# tank circuit

#### aeterminator1

Joined Mar 18, 2007
4
how does a tank circuit work on a dc supply in a radio.

#### kubeek

Joined Sep 20, 2005
5,733
In fact, very well.

#### beenthere

Joined Apr 20, 2004
15,819
Your question is a bit unclear. The DC supply is filtered, but the filter setup is not referred to as a tank circuit.

In the receiver part, a tank circuit is used to select the frequency of interest. You might Google the term "parallel tank circuit" to see how one works.

#### thingmaker3

Joined May 16, 2005
5,084
Years ago, some ham-radio folk I hung out with used the term "pi-tank" to refer to the DC supply pi-network filter. A pi-network is a low-pass filter. When used in power supplies, the capacitors tend to shunt the AC to ground while blocking DC, and the coil tends to block AC while passing DC.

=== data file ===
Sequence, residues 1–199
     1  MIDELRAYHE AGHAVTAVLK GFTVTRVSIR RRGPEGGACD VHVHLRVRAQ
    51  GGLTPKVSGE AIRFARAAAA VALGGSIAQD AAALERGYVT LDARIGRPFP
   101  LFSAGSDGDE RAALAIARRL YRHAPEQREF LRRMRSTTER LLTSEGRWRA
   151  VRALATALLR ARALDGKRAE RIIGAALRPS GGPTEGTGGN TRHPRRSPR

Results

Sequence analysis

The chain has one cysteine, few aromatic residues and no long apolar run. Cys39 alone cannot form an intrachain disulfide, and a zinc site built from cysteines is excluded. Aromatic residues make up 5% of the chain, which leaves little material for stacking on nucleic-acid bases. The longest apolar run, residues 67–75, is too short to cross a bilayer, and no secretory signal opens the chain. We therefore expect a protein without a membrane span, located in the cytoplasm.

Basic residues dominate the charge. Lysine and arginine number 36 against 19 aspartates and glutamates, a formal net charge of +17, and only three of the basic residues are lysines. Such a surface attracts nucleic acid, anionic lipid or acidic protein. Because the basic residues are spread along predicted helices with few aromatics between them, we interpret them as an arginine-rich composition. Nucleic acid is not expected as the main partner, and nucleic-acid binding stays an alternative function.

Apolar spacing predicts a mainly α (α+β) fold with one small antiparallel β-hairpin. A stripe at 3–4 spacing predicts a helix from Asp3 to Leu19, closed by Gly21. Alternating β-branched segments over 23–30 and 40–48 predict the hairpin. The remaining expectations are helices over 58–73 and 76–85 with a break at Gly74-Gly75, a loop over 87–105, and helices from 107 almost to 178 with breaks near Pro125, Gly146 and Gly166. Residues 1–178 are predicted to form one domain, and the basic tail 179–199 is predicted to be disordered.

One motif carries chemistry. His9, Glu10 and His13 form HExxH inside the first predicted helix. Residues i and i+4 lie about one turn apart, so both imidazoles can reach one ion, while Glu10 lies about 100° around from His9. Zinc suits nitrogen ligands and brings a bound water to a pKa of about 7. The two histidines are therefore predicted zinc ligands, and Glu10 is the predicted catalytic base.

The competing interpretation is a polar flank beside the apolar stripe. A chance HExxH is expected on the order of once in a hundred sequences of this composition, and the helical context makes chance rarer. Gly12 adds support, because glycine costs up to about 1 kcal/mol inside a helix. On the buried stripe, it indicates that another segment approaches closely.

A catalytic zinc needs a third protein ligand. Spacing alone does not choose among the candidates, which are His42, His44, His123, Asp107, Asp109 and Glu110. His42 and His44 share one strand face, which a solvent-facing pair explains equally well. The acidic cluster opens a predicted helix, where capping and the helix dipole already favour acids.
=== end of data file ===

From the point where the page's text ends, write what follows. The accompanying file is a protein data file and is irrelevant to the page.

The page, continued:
#### techroomt

Joined May 19, 2004
198
a tank circuit, a capacitor and inductor in parallel, will output a sine wave at it's resonant frequency (when Xl = Xc), when the dc supply is removed. basically the capacitor when discharging acts as the supply and causes the inductor to create a magnetic field. the inductor in turn, begins to collapse it's magnetic field inducing a current back into the capacitor, and this cycle continues back and forth, with damping amplitude over time due to circuit resistance.

imho what makes this tank allowed to operate is the fact that unlike the capacitor, the inductor reverses polarity between when it has created it's magnetic field and when it collapses. tanks are a lot more fun in ac circuits.

#### aeterminator1

Joined Mar 18, 2007
4
but how does a capacitor discharge when a dc supply is applied like in the case of a radio

#### techroomt

Joined May 19, 2004
198
a capacitor in a dc circuit will absorb the charge equal to the potential being applied to it. if a constant 6v were applied to a cap, after about 9 time constants (t = r x c), the voltage across the cap will reach and remain at 6v. only when the applied voltage changes, up or down, will the cap charge change.